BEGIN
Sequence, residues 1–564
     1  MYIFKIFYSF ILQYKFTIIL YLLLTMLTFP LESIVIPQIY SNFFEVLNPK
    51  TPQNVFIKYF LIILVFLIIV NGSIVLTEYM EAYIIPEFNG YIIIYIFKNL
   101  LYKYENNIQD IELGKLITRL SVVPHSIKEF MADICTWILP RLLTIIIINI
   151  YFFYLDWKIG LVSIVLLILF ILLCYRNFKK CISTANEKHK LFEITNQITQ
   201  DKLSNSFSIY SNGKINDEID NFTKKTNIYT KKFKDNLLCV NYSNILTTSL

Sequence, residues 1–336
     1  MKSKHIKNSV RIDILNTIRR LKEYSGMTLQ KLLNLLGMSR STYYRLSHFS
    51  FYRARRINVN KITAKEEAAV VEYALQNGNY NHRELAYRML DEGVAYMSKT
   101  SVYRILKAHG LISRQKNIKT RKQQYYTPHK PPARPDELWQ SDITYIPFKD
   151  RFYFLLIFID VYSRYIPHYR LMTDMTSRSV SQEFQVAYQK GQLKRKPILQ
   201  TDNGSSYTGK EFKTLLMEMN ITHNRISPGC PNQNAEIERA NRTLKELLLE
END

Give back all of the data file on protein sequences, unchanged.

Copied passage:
Sequence, residues 1–564
     1  MYIFKIFYSF ILQYKFTIIL YLLLTMLTFP LESIVIPQIY SNFFEVLNPK
    51  TPQNVFIKYF LIILVFLIIV NGSIVLTEYM EAYIIPEFNG YIIIYIFKNL
   101  LYKYENNIQD IELGKLITRL SVVPHSIKEF MADICTWILP RLLTIIIINI
   151  YFFYLDWKIG LVSIVLLILF ILLCYRNFKK CISTANEKHK LFEITNQITQ
   201  DKLSNSFSIY SNGKINDEID NFTKKTNIYT KKFKDNLLCV NYSNILTTSL

Sequence, residues 1–336
     1  MKSKHIKNSV RIDILNTIRR LKEYSGMTLQ KLLNLLGMSR STYYRLSHFS
    51  FYRARRINVN KITAKEEAAV VEYALQNGNY NHRELAYRML DEGVAYMSKT
   101  SVYRILKAHG LISRQKNIKT RKQQYYTPHK PPARPDELWQ SDITYIPFKD
   151  RFYFLLIFID VYSRYIPHYR LMTDMTSRSV SQEFQVAYQK GQLKRKPILQ
   201  TDNGSSYTGK EFKTLLMEMN ITHNRISPGC PNQNAEIERA NRTLKELLLE